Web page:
Art Essays

Justin O’Brien

Published January 22, 2011
Justin O'Brien, Nativity c1949–50, oil on canvas, laid on cardboard

Thinking of Justin O’Brien my memory flies back to a day in Rome when I was taking “Justin’s tour” with his old friend and fellow expatriate, Jeffrey Smart. As we approached the church of Sant’Agostino, which contains works by Caravaggio and Raphael, we were met with a blast of Bach’s Toccata and Fugue. A funeral procession burst forth from the church at breakneck speed, spearheaded by black-suited pallbearers carrying a magnificent coffin. In what seemed like seconds the casket was deposited in the hearse, the church emptied, and the music abruptly terminated. With barely a pause, Justin led us into the now deserted church for a leisurely examination of the paintings.
I was startled by this apparition, but had a vision of O’Brien (1917-96) being as calm and imperturbable as the figures in his paintings. It may not necessarily have been true, but it is a nice way to remember a painter who cuts a unique figure in the history of Australian art. A dramatic memento mori at the doors of Sant’Agostino made little impression on a man whose work was focused on transcendental things.
This is the impression one gets from Justin O’Brien: The Sacred Music of Colour, his long-awaited retrospective at the Art Gallery of NSW. No Australian artist since Adelaide Ironside (1831-67) has been more dedicated to religious subjects, or shown such devotion to the art of the Italian Renaissance. Like Ironside, O’Brien would die in Rome, the home of the Catholic Church that he had embraced and rejected while never removing himself from its influence. Throughout his life he would continue to paint traditional Catholic motifs, attend the Pope’s public addresses and read the Vatican newspaper.

Ironside’s promising career was cut short by tuberculosis, but O’Brien would reach the respectable age of 79 – plenty of time to experience the full spectrum of triumphs and failures that give shape to an artist’s career. A warm and charming personality, O’Brien made friends easily and kept many of them for life. As a painter he was a stubborn, solitary figure who followed his own path regardless of the turbulence of twentieth century art.
He was always a success in life even if his work looked like an anachronism. This meant that he sold most of his paintings to private collectors, being snubbed by public galleries that followed the fashions. O’Brien’s 1968 exhibition at Macquarie Galleries was greeted with pre-dawn queues, and by 10.30 that morning all 41 works had sold. Curator, Natalie Wilson, is right to point out this was also the year that the National Gallery of Victoria opened its new building on St. Kilda Road with The Field – a landmark survey of cutting-edge abstract art. During the reign of late Modernist styles O’Brien’s pictures were proposed for acquisition by public galleries and rejected. When the Art Gallery of NSW acquired Venus No.1 in 1988 it was the first O’Brien painting the Trustees had purchased in 31 years.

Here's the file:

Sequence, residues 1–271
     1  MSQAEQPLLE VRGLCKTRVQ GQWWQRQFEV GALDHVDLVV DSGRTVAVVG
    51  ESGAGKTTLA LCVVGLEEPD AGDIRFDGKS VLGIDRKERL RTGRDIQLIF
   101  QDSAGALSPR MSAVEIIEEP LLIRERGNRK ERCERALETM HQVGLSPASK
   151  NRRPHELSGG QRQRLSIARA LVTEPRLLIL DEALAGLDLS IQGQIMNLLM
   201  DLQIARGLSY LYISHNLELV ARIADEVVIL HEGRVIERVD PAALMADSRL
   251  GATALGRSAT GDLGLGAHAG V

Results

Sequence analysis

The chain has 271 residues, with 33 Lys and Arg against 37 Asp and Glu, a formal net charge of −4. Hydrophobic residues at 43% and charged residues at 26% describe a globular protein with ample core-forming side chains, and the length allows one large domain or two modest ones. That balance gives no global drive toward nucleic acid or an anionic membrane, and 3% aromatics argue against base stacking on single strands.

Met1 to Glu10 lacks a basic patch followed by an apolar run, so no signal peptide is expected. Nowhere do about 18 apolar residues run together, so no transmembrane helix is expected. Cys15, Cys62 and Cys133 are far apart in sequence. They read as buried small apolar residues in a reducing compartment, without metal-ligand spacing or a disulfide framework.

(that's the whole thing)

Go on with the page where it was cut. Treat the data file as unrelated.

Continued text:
That breakthrough acquisition owes a debt to Barry Pearce, the AGNSW’s long-serving – and long-suffering – Curator of Australian Art who has recently announced his retirement. The O’Brien retrospective is Pearce’s swan song and the fulfillment of a promise that he would do justice to an artist for whom he admits to having no sense of objectivity.
Even though it has taken much longer than he would have hoped, Pearce has honoured his pledge. While a show of less than a hundred works can never pretend to be comprehensive, all the artist’s different phases are represented, along with the key works and a selection of important, lesser-known ones, including a Stations of the Cross (c.1959-61) made for Francis Xavier Cabrini Hospital in Melbourne. Jeffrey Smart told Pearce these were O’Brien’s “supreme masterworks”, and, hyperbole aside, he may well be right. The delicate ink and wash pictures are typically mannered in their elongated forms and blank expressions, but they are impressive in the way they marry economy of line to an undeniable depth of feeling.
O’Brien was born in Hurstville, to an Irish Catholic family, and was taking full-time art lessons by the age of 14. The earliest works in this exhibition – a still life and self-portrait painted – reveal an artist who had already mastered the basics of his craft. Incidentally, Peter Fitzsimmons will be dismayed to find that in this early self-portrait, O’Brien had already pioneered the peculiar idea of wearing a red handkerchief on one’s head.